Caron Jones of Burlington, North Carolina Explains Why Investing in Real Estate is Appealing, Even in a High-Interest Market

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Caron Jones of Burlington, North Carolina

Caron Jones of Burlington, North Carolina works as a realtor who advises clients through smart investment strategies within real estate. In the following article, Caron Jones discusses investment strategies during high interest markets.

Famous entrepreneur, philanthropist, and billionaire Andrew Carnegie once said that 90% of millionaires became wealthy through real estate. While this number may have shifted over the last few decades, a report by Wealth-X found that nearly 80% of the world’s millionaires owned multiple properties used for wealth-building.

Caron Jones of Burlington, North Carolina says that other studies also suggest that real estate is a common and effective way to build and maintain wealth over time – even through all the ups and downs of the economy. If the goal is to make money not just for oneself but for generations to come, the humble abode cannot be overlooked.

Real Estate Appreciation Over Time

The recent increase in interest rates has scared many would-be investors out of the real estate realm. Many homeowners took advantage of record-low interest rates in the 2010s that varied from 3.72% to 5.14%. Flash forward to 2023, and the average rate has risen to nearly 7% on the same 30-year fixed mortgage.

To put it into perspective, Caron Jones of Burlington, North Carolina explains that a $300,000 home with a 30-year fixed mortgage at 3% would cost roughly $1,264 monthly, whereas a 6% rate bumps it up to $1,799 monthly. That’s a $535 monthly difference out of pocket for the same piece of property! Is it even worth buying at all?

In short, yes. While interest rates have risen, home prices have skyrocketed over the last decade. Here are a few housing market examples and their appreciation over the last ten years.

  • Fort Lauderdale, FL: 161% increase
  • Las Vegas, NV: 218.3%
  • Phoenix, AZ: 259.7%
  • Boise, ID: 306.1%
  • Detroit, MI: 356.7%

What other investment has shown an average annual return of at least 16%? Very few as reputable as real estate.

Caron Jones of Burlington, North Carolina says that while these numbers don’t account for all of the U.S. – over the last 30 years, the average home appreciation is only 4.6% – buying in the right market could be as hot as purchasing Tesla stock was before it became coveted.

As for those interest rates, the rates of the 2010s were much lower than average. Homeowners can also refinance down the road if rates drop – though they may never in our lifetime. Since 1971, the average mortgage interest rate was 7.75%; that’s to say that today’s rates are still lower than average!

Caron Jones of Burlington, North CarolinaRenting Vs. Buying

Caron Jones of Burlington, North Carolina explains that many fear purchasing a home because of the large down payment requirements, and because they think paying month-to-month rent seems easier, but this is a myth. In the long term, renting puts a deeper dent in the pocket, while buying builds an asset that could last a lifetime. Check out the example below:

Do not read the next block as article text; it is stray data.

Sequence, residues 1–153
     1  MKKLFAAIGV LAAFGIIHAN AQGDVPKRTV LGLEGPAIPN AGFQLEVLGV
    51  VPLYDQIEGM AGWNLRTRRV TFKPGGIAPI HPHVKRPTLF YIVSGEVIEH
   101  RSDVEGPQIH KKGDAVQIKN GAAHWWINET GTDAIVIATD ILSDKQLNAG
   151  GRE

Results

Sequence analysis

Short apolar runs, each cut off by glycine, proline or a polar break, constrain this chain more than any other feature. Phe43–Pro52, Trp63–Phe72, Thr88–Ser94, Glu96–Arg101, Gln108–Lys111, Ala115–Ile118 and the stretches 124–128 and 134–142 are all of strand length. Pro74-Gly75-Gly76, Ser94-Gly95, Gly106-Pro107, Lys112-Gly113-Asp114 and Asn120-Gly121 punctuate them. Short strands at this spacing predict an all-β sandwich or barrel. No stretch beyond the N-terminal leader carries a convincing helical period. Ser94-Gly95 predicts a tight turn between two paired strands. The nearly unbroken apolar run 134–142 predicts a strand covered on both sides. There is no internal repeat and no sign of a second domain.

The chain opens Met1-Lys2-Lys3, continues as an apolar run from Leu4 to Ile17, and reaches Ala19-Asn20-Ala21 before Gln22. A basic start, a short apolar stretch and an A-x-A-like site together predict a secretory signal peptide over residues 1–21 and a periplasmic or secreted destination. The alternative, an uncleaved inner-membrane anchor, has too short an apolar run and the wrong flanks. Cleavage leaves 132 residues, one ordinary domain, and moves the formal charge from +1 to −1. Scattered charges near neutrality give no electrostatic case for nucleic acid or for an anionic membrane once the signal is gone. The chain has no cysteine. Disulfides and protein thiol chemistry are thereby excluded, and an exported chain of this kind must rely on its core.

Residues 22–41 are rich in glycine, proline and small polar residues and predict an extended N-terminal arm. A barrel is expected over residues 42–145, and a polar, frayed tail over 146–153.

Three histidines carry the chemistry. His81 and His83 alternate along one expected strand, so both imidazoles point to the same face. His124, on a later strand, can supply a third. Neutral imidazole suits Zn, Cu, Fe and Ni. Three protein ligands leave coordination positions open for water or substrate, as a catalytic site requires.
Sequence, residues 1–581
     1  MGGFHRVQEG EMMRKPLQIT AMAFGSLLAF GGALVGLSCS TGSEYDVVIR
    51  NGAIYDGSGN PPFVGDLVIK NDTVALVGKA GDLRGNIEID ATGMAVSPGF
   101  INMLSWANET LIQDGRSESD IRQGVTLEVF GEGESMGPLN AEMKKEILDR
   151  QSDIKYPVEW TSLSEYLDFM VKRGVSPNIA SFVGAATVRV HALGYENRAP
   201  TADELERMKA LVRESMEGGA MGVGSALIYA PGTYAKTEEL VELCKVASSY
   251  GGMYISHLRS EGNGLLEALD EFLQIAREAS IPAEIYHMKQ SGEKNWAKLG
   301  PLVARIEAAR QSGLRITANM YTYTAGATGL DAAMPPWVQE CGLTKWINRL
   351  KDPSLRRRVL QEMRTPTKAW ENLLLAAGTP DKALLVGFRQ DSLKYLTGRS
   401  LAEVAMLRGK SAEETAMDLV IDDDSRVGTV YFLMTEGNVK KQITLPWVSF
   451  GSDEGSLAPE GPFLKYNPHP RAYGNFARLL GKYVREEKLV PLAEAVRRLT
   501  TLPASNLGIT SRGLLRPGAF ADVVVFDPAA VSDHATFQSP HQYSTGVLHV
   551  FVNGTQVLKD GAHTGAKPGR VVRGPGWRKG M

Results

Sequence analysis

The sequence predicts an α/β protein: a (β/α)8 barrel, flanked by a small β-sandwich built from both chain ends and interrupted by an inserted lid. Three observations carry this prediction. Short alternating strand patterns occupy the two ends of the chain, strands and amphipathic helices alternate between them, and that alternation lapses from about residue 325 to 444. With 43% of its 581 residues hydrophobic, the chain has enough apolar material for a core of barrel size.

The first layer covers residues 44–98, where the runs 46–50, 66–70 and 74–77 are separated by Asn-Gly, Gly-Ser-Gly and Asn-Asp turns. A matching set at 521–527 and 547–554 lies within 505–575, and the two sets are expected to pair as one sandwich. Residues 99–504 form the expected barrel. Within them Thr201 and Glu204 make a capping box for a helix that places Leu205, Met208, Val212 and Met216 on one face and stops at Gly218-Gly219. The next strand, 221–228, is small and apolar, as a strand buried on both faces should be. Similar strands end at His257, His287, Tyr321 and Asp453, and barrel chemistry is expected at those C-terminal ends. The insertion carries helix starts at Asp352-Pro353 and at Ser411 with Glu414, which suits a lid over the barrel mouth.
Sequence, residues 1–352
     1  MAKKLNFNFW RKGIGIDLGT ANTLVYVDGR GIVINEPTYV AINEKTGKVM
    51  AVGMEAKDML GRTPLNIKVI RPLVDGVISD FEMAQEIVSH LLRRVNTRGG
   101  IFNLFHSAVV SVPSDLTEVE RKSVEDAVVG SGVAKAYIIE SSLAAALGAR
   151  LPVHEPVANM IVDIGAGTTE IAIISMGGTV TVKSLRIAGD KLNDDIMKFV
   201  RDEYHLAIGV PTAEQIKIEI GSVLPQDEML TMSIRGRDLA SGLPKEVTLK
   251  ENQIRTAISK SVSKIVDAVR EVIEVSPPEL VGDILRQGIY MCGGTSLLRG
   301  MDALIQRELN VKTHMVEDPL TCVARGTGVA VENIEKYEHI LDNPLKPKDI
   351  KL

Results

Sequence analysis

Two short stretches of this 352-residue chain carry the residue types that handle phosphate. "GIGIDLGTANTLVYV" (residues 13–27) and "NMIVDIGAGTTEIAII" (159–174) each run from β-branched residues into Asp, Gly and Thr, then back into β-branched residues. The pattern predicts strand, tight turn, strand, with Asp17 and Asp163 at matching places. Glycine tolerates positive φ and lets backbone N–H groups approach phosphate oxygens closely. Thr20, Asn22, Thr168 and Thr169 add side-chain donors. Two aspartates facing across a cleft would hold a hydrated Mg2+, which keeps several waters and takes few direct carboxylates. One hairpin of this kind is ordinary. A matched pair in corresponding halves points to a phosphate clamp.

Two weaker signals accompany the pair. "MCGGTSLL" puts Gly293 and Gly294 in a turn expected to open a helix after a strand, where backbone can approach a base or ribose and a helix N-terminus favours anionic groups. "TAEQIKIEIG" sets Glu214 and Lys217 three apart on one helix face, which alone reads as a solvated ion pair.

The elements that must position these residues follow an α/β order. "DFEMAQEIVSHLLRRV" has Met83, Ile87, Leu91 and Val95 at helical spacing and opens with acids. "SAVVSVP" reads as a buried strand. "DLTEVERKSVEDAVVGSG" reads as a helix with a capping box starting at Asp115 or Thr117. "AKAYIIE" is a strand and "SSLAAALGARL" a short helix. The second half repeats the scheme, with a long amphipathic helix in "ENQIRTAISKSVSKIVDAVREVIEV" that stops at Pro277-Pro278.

For example, Jane decides to rent a 1-bedroom apartment at the current U.S. average of $1,149 per month. If rent stayed the same – which it likely wouldn’t, as rent historically increases year after year – she would have spent $68,940 at the end of five years with nothing to show for it, explains Caron Jones of Burlington, North Carolina.

If, instead, Jane had rented a 2-bedroom with a roommate, her half of the rent would only be $660 per month on average. Within three years, she could pocket the difference in rent price, saving over $17,600.

Using an FHA loan for a first-time home buyer, she could purchase a $400,000 home for 3.5% down. That same home would be worth over $456,000 after 2 years at a 4.6% appreciation rate.

At the end of 5 years, Jane now owns her own home and has over $70,000 in equity; much better than a $68,940 loss, isn’t it?

Renting Out Real Estate

Caron Jones of Burlington, North Carolina says that owning real estate also allows the owner to rent out portions or all of their property over the years. Many real estate investors utilize a method called house hacking, which is when a portion of their primary home is rented out for extra income.

For example, a person could purchase a duplex and have the rent from half of the property cover most or all of the mortgage. They could also rent out a room, create a mother-in-law suite or ADU unit, rent out extra space in the garage or the backyard, or use other house hacking strategies.

Caron Jones of Burlington, North Carolina says that once an investor saves enough from house hacking, they purchase their second property, renting out the entirety of the first. Some may move on to a new real estate investment strategy or repeat the FHA buy-and-rent process.

With so many strategies available, even the common working-class American can slowly build wealth and a more secure financial future through real estate.